Event teaches children how to love nature

Kile Brewer
Posted 10/4/17

KEYSTONE HEIGHTS – For about 10 years, Park Ranger Steve Earl has worked with local libraries to bring kids and books out to the park where he creates a fun environment where children can learn …

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Event teaches children how to love nature


KEYSTONE HEIGHTS – For about 10 years, Park Ranger Steve Earl has worked with local libraries to bring kids and books out to the park where he creates a fun environment where children can learn about the outdoors and respect for public land.

The Sept. 30 event “Read With the Trees” was created as part of national literacy month and allows Mike Roess Gold Head Branch State Park to partner with other community organizations, which in this case was the Melrose Public Library.

“This is a way to promote libraries and reading, while having an outdoor experience as well,” Earl said. “Until a person has a personal experience with nature, they don’t understand. When they have, that’s when they’re going to be good stewards of it.”

The event started with an introduction and a brief storytime including readings from library volunteers, Earl, and children’s author Donna Henderson. This year marked the third in a row that Henderson participated in Read with the Trees. Earl said he selected Henderson because she is a local writer.

“She’s a local author and we wanted to promote local talent,” Earl said.

Henderson read a manuscript from her newest book, called “One.” The manuscript was accompanied by some rough illustrations that will be finalized and included in the book when it is finally sent to press.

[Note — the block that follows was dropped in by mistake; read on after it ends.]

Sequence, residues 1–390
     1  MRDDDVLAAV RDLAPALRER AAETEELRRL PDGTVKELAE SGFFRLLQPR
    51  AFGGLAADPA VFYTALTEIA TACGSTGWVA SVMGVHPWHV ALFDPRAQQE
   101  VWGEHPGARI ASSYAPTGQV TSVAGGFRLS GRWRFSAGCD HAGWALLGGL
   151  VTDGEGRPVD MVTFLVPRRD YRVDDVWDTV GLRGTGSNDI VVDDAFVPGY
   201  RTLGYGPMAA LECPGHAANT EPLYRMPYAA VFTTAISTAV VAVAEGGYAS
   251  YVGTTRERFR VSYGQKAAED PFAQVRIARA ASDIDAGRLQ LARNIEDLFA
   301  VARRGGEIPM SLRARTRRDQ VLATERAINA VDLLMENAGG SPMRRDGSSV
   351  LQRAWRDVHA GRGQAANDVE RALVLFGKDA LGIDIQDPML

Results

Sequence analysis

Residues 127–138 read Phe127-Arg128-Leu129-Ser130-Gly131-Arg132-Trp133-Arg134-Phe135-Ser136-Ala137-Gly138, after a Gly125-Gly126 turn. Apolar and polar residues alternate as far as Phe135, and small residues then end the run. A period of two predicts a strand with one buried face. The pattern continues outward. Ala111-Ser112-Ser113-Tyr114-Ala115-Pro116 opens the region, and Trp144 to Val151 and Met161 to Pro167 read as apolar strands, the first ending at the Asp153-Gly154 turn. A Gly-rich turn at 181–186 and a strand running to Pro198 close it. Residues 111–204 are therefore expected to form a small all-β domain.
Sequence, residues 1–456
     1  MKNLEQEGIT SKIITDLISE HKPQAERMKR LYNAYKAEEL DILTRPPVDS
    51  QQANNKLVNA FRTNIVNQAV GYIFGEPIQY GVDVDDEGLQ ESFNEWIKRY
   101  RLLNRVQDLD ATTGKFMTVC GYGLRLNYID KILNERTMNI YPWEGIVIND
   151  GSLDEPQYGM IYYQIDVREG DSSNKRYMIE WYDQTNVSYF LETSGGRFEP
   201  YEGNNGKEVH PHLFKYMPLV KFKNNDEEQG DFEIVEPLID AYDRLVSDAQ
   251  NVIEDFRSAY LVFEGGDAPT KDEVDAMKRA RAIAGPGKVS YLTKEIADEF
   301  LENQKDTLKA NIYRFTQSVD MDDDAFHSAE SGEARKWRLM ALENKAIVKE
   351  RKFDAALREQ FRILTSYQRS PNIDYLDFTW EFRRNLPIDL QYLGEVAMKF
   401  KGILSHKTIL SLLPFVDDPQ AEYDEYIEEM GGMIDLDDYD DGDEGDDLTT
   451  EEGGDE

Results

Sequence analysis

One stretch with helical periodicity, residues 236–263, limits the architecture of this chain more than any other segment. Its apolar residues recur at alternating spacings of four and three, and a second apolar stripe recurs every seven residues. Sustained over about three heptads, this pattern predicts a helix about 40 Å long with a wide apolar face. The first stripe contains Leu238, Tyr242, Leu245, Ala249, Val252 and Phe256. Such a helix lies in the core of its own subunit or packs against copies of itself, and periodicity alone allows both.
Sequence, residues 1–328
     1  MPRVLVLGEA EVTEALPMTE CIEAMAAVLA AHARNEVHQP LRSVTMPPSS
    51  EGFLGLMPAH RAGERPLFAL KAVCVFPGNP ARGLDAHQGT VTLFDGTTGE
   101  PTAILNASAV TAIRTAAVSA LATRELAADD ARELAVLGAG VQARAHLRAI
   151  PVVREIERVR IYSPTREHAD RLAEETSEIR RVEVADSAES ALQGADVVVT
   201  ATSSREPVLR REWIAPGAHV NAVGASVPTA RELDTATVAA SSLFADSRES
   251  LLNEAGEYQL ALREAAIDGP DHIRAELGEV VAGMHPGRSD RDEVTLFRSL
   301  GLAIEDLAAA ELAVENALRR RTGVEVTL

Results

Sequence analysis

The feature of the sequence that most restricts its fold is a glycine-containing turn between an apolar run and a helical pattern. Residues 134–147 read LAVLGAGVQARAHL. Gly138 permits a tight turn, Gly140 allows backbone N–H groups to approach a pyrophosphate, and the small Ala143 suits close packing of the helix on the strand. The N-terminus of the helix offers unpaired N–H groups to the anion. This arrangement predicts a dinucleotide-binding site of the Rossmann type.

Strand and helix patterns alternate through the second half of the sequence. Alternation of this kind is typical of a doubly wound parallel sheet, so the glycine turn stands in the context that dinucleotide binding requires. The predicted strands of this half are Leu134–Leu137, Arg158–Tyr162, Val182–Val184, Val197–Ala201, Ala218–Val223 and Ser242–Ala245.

The book, which is her second, focuses on the idea that each and every child should feel loved. For Henderson, this is the most important thing children can be taught.

“I hear of so many people, that, as adults, see problems that stem from not knowing deep inside that they are loved,” Henderson said. “If you know as a little kid that you are loved, and that you are worthy, it will hopefully take the sting out of adulthood.”

Henderson said she has been working on the book for about a year now, and through a partnership with an organization called Flower Petals, will be able to give some of the books away for free once they are published.

After Henderson read “One,” Earl plopped down onto the stool at the front of the room, with a simulated LED campfire and three-person tent sitting in the background. He then broke out into an array of voices and characters as he made his way through the swamp-based classic and Read with the Trees crowd favorite, “The Wide-Mouthed Frog” by Keith Faulkner.

After storytime, two dozen kids swarmed Ranger Earl as they walked outside to start a scavenger hunt for painted rocks before settling in for marshmallow bear treats and apple juice.

Volunteers noted that this year’s event saw a slightly smaller turnout, about 25, when they typically have over 40 kids, but potential rain and other factors may have decreased interest. The event will continue next year with even more activities and appearances by special guests, including local authors and maybe Smokey the Bear himself.

At the end of the day, Earl knows that he and his fellow rangers can only carry the torch at Gold Head for so long. He continues to promote nature to local kids who might someday come up through the parks and devote their lives to protecting the land just as he has chosen to do.

“They’re the ones that will inherit our Earth, and our parks,” Earl said. “I think that it’s really important to instill a connection with nature [in children] so our parks endure for years to come.”


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